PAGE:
Write access, principles

Connecting an application to a database by establishing a connection between client and database server:

Figure 822. Networking between clients and database server Slide presentation
Networking between clients and database server

Figure 823. JDBC features Slide presentation
  • Protocol connecting database client and server.

  • Vendor dependent implementations.

So JDBC™ is just one among a whole bunch of protocol implementations connecting database servers and applications. Consequently JDBC™ is expected to appear in the lower layer of multi-tier applications. We take a three-tier application as a starting point:

Figure 824. JDBC™ in a three-tier application Slide presentation
JDBC™ in a three-tier application

We may add an additional layer. Web applications are typically being build on top of an application server (WebSphere, Glassfish, Jboss,...) providing additional services:

Figure 825. JDBC™ connecting application server and database. Slide presentation
JDBC™ connecting application server and database.

Opening a connection to a database server requires:

Figure 826. JDBC connection parameter Slide presentation
  1. Database server type i.e. Oracle, DB2, Informix, Postgresql, Mysql etc. due to vendor specific JDBC™ protocol implementations.

  2. Server DNS name or IP number.

  3. Server service's port number.

  4. The database name within the given server.

  5. Optional: A database user's account name and password.

Items 1 - 4 will be encapsulated into a so called JDBCURL. We consider a typical example corresponding to the previous parameter list:

Figure 827. Components of a JDBC™ URL Slide presentation
Components of a JDBC™ URL

Figure 828. IETF Uniform Resource Identifier Slide presentation


absoluteURI   = scheme ":" ( hier_part | opaque_part )

hier_part     = ( net_path | abs_path ) [ "?" query ]

net_path      = "//" authority [ abs_path ]

abs_path      = "/"  path_segments

Figure 829. URL examples Slide presentation
  • http://www.hdm-stuttgart.de/aaa

  • http://someserver.com:8080/someResource

    Non-standard port 8080

  • ftp://mirror.mi.hdm-stuttgart.de/Firmen

Figure 830. Sub protocol examples Slide presentation
Database JDBC URI
PostgreSQL jdbc:postgresql://<HOST>:<PORT>/[database]
MySQL jdbc:mysql://[host][:port]/[database][?p1=v1]...
Oracle jdbc:oracle:thin:[user/password]@[host][:port]:SID
DB2 jdbc:db2://<HOST>:<PORT>/[database]
Derby jdbc:derby://[host][:port]/[database]
MS. SQL S. jdbc:sqlserver://host[:port];user=xxx;password=xyz
Sybase jdbc:sybase:Tds:<HOST>:<PORT>/[database]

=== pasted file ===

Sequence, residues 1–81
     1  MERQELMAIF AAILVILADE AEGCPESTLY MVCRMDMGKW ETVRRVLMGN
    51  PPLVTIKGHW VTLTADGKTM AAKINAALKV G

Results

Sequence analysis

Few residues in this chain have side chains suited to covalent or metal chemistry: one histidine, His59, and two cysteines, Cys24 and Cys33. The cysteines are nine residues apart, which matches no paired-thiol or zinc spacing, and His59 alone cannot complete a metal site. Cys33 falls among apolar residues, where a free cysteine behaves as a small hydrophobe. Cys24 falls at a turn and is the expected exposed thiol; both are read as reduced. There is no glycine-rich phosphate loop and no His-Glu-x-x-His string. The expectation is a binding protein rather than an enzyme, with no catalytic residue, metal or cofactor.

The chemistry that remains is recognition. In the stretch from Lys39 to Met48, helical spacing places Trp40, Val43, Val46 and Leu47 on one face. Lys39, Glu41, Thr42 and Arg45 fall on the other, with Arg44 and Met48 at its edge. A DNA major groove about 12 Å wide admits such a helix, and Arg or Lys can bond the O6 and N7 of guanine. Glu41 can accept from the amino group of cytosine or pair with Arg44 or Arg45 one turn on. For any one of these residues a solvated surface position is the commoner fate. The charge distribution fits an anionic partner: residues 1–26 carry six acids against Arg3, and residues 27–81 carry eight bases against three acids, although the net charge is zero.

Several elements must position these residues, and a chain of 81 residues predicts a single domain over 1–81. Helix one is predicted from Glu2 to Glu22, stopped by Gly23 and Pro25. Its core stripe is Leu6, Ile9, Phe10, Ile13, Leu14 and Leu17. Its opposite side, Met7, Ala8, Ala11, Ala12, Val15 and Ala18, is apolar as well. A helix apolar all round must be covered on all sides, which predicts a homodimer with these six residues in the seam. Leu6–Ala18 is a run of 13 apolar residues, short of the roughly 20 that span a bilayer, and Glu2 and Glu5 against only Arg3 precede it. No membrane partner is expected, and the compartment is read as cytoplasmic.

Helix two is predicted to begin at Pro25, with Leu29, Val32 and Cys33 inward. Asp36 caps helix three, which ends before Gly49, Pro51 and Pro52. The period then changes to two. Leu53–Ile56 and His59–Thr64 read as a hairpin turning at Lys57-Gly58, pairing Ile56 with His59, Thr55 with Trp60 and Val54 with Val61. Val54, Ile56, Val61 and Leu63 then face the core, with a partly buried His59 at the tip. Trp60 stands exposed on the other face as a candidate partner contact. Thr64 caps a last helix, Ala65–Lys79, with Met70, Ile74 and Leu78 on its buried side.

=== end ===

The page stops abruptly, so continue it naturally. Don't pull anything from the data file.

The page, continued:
Figure 831. No standard port assignments ... Slide presentation






  • No official IETF standard port assignments

  • Vendor specific defaults

  • Explicit port specification required

Figure 832. ... but Postgresql made it into Linux Slide presentation
>grep postgresql /etc/services 
postgresql      5432/tcp       postgres      # PostgreSQL Database
postgresql      5432/udp       postgres

Writing JDBC™ based applications follows a simple scheme:

Figure 833. JDBC architecture Slide presentation
JDBC™ architecture

From a programmer's point of view the java.sql.DriverManager is a bootstrapping object: Other objects like Connection instances are being created from this central and unique object.

Figure 834. DriverManager: Bootstrapping connections Slide presentation

Figure 835. Example: Mysql connection implementation Slide presentation

Figure 836. Driver libraries Slide presentation
  • postgresql-42.1.4.jar

  • mysql-connector-java-x.y.z.jar

  • ojdbc6.jar

Figure 837. Driver libraries by Maven Slide presentation
  • <groupId>postgresql</groupId>
  • <groupId>com.oracle</groupId>  <!-- requires access credentials -->

Figure 838. Driver unavailable Slide presentation
  • conn = DriverManager.getConnection(
     "jdbc:postgresqll://localhost/hdm", "hdmuser", "XYZ");
  • java.sql.SQLException: No suitable driver found for
      at java.sql.DriverManager.getConnection(DriverManager.java:689)
      at java.sql.DriverManager.getConnection(DriverManager.java:247)
      at de.hdm_stuttgart.mi.sda1.DatabaseTest.initDatabase(DatabaseTest.java:34)

Figure 833, “JDBC™ architecture ” does not show details about the relations between java.sql.Connection, java.sql.Statement and java.sql.ResultSet objects. We start by giving a rough description of these three interfaces' tasks and responsibilities:

Figure 839. Connection interface Slide presentation

Figure 840. Statement interface Slide presentation

Two distinct operation classes:


INSERT, UPDATE, DELETE: Integer return code


SELECT: Returning java.sql.ResultSet, see the section called “Read Access”.

Figure 841. JDBC™ instances and relationships. Slide presentation
JDBC™ instances and relationships.

Figure 843. Important Statement methods Slide presentation

Figure 844. JDBC and threading. Slide presentation

From JDBC and Multithreading:

Because all Oracle JDBC API methods are synchronized, if two threads try to use the connection object simultaneously, then one will be forced to wait until the other one finishes its use.


Figure 845. JDBC connection pooling Slide presentation
try (final Connection conn =
       C3P0DataSource.getInstance().getConnection()) {

  final PreparedStatement pstmt = conn.create...;
  // Auto close connection, back to pool.
} catch (SQLException e) {